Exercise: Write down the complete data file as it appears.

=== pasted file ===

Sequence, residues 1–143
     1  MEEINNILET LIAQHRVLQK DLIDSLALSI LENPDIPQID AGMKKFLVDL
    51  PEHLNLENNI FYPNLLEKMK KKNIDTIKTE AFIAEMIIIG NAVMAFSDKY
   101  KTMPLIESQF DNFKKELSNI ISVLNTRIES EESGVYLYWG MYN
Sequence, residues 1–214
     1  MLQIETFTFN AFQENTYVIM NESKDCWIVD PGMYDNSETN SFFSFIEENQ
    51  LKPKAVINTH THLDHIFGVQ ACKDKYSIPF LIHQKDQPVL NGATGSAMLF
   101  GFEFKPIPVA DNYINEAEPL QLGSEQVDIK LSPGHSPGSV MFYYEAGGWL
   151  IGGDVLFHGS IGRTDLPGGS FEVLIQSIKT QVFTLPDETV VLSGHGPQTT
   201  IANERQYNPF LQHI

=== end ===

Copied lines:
Sequence, residues 1–143
     1  MEEINNILET LIAQHRVLQK DLIDSLALSI LENPDIPQID AGMKKFLVDL
    51  PEHLNLENNI FYPNLLEKMK KKNIDTIKTE AFIAEMIIIG NAVMAFSDKY
   101  KTMPLIESQF DNFKKELSNI ISVLNTRIES EESGVYLYWG MYN
Sequence, residues 1–214
     1  MLQIETFTFN AFQENTYVIM NESKDCWIVD PGMYDNSETN SFFSFIEENQ
    51  LKPKAVINTH THLDHIFGVQ ACKDKYSIPF LIHQKDQPVL NGATGSAMLF
   101  GFEFKPIPVA DNYINEAEPL QLGSEQVDIK LSPGHSPGSV MFYYEAGGWL
   151  IGGDVLFHGS IGRTDLPGGS FEVLIQSIKT QVFTLPDETV VLSGHGPQTT
   201  IANERQYNPF LQHI